I’m not saying that they are not heterosexuals who like wearing drag, but like it or not drag is closely associated with homosexuality in the minds of the public.

Mr La Rue being as much in the limelight as he is, could try to be a bit more honest about his own sexuality and attempt to eradicate some of the misconceptions. Because you’re gay, you don’t necessarily like wearing women’s clothes, and you’re not necessarily a homosexual or a transvestite if you do.

Whatever your sexuality, if it’s not in out, in out heterosexuality, you’re likely to have cheap jibes thrown at you by the telly dictators like Danny La Rue and “The Comedians”, who ultimately shape people’s attitudes.

Why can’t you be constructive, Danny, and use this wonderful opportunity you have to destroy the myths in peoples’ minds, to do something about the maniacal situation, whereby Larry Grayson is the TV personality of the year at our expense, ultimately at your expense.

Up Frankie Howerd

“Up The Front” Directed by Bob Kellet. Starring Frankie Howerd, Dora Bryan, Lance Percival, Bill Fraser, Zsa Zsa Gabor. Distributed by Anglo-EMI. Cert ‘A’ – 88 mins.

05-197208xx-9Oooh. No. what? Ah. yes ….. No, Listen. Poor soul, no, don’t laugh. Who else but Francis Howerd, master of the double entendre and the camp gesture. Not seen much these days on television, and in danger of being knocked off his throne in that media by Larry Grayson, having now transferred his talents to celluloid. Let me put it on record, before I continue, I have been a fan since Variety Bandbox (whoops, me age is showin’). So when I blatantly state that he is wasted on film it is for genuine concern for him as an artist. Perhaps it has something to do with the fact that I have always preferred him as a stand-up comic, and do not think that situation comedy is his forte. I do of course understand his desire to progress, remembering him so long ago pleading with Johnny Speight to write a film script for him. I wish he had. It was obviously a market he wanted to conquer, and did, his first two films being box-office hits. But I always thought he was selecting his material with a care for his image. Like the late great Tony Hancock whose intention to move in a more artistic direction failed and tragically lost him his public and eventually his soul, maybe Frankie Howerd saw the moral. Although I would much rather sit through and enjoy the underrated ‘Punch and Judy Man’ than ‘Up the Front’.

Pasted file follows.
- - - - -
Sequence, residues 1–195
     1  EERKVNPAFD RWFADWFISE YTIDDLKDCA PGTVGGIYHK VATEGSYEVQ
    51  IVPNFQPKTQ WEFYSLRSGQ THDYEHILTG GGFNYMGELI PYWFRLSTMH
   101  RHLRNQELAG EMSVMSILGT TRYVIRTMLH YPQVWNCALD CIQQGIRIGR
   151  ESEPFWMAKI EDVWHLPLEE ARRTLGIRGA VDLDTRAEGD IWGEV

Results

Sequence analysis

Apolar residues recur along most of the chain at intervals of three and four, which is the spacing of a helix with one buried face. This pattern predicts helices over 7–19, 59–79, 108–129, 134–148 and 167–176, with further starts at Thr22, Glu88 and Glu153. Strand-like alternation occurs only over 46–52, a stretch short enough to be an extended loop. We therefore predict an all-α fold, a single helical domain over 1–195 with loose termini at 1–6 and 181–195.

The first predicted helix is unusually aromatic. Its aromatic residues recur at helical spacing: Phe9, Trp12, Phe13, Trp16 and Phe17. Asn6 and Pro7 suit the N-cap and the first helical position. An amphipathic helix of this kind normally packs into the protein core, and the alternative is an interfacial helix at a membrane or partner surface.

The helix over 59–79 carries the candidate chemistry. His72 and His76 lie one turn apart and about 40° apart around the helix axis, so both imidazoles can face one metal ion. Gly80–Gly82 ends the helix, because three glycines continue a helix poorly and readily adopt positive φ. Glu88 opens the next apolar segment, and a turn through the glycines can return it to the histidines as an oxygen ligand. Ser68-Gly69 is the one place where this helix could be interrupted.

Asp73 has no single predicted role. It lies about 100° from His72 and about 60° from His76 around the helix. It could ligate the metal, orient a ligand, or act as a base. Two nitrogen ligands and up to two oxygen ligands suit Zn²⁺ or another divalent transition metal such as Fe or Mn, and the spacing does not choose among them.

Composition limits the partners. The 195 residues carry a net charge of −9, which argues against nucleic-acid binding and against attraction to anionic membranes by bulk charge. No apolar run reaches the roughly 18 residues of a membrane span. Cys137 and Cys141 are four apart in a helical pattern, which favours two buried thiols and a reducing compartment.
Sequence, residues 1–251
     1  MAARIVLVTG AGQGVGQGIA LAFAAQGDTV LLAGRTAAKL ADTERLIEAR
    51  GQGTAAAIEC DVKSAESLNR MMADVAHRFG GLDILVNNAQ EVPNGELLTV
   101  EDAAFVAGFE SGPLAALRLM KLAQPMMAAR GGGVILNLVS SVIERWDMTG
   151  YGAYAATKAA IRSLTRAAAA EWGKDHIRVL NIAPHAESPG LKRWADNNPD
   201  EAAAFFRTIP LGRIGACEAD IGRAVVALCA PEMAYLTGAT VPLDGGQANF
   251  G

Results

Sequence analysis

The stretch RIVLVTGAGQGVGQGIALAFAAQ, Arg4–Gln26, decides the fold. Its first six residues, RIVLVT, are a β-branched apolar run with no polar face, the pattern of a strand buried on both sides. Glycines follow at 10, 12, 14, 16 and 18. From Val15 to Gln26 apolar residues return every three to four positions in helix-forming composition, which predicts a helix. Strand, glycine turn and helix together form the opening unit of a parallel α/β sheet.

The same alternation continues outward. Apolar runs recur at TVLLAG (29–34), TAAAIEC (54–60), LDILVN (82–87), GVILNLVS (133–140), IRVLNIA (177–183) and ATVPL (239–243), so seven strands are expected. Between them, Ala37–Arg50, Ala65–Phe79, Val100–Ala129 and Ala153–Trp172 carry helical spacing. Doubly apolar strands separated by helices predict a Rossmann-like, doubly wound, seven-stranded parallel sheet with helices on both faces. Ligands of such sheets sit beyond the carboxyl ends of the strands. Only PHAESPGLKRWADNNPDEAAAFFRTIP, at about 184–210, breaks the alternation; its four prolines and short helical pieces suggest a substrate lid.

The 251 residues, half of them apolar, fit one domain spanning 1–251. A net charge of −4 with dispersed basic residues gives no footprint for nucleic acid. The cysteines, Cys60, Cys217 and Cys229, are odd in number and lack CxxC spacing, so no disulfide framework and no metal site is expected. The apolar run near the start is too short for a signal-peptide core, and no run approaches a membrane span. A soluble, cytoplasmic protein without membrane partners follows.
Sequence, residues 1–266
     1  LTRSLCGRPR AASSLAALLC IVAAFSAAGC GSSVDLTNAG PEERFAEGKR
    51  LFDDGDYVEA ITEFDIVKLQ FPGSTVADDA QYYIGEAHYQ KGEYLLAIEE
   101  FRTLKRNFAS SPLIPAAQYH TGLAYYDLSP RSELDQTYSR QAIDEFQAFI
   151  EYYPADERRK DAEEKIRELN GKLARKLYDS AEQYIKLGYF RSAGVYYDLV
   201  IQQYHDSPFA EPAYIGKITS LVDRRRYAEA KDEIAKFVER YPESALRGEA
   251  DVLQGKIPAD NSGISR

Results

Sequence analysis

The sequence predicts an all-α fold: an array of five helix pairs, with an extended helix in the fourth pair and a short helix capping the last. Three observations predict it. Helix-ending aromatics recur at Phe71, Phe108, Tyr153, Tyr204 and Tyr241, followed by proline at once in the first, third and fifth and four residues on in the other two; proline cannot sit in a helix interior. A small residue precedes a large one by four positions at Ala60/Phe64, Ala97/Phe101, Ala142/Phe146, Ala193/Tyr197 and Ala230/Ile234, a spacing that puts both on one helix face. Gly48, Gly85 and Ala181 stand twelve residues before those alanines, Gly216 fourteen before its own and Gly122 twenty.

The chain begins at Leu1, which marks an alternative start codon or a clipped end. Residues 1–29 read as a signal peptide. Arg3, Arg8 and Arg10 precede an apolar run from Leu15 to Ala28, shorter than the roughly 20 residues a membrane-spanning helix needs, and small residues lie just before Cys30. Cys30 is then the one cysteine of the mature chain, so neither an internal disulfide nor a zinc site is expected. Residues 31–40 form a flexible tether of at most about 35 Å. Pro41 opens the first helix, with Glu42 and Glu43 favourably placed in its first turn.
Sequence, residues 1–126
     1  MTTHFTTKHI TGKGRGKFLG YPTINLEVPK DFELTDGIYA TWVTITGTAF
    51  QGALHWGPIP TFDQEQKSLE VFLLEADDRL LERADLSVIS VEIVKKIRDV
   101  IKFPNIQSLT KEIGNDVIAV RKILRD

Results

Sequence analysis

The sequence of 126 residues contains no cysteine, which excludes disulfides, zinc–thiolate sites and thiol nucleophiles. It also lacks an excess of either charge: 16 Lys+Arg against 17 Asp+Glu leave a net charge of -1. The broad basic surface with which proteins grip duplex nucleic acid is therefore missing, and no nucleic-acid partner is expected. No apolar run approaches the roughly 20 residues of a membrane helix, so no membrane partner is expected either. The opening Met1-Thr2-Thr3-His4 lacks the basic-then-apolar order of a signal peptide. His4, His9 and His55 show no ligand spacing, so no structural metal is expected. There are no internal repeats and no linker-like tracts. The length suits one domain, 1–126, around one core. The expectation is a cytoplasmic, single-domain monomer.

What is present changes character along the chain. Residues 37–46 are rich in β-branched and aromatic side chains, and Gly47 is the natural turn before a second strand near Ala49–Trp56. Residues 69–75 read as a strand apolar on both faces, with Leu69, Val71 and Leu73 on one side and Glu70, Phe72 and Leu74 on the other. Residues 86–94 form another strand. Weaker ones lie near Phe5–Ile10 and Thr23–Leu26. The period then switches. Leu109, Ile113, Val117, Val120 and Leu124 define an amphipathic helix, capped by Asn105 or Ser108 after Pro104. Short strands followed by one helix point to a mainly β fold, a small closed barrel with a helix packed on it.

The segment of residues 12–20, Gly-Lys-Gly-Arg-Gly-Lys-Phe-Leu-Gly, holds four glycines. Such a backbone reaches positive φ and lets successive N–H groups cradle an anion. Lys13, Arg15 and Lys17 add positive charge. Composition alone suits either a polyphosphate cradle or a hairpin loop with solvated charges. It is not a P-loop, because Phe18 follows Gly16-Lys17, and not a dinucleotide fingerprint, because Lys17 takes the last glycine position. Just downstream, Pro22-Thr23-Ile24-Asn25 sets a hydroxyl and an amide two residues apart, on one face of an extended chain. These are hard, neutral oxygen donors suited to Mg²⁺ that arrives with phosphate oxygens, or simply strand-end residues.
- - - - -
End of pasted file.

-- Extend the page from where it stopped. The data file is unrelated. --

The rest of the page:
The plot, as with the laughs, is thin, woven around Lurk (Howerd) as a loser, but under hypnosis, from a nice cameo role by Stanley Holloway, whose assistant has the most liquid jellified boobs I have ever seen, seeks to save England and become a war hero, which of course he does, by having the German master plan tattooed on his bum. Bill Fraser as ‘Groping’ (not just his name it’s his hobby) is excellent and has better lines than the star, as does Lance Percival as a German Officer. Dora Bryan plays Dora Bryan again, constantly squeaking the appalling title song … they don’t write ’em like that any more, in fact they wrote better. But despite a few asides Frankie Howerd has little or no comic lines; the only high-camp high-spot where he has a chance to shine is the scene with Zsa Zsa Gabor, as Mata Hari. So as ‘Carry Ons’ do, so will the ‘Ups’, continuing ad infinitum. Me?

I’m still diggin’ the Runaway Bus……